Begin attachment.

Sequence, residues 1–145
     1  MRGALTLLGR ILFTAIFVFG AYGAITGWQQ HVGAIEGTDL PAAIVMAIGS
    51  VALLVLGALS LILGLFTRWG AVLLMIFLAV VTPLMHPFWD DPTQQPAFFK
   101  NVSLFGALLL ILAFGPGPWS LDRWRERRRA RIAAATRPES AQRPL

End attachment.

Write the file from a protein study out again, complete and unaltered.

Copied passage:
Sequence, residues 1–145
     1  MRGALTLLGR ILFTAIFVFG AYGAITGWQQ HVGAIEGTDL PAAIVMAIGS
    51  VALLVLGALS LILGLFTRWG AVLLMIFLAV VTPLMHPFWD DPTQQPAFFK
   101  NVSLFGALLL ILAFGPGPWS LDRWRERRRA RIAAATRPES AQRPL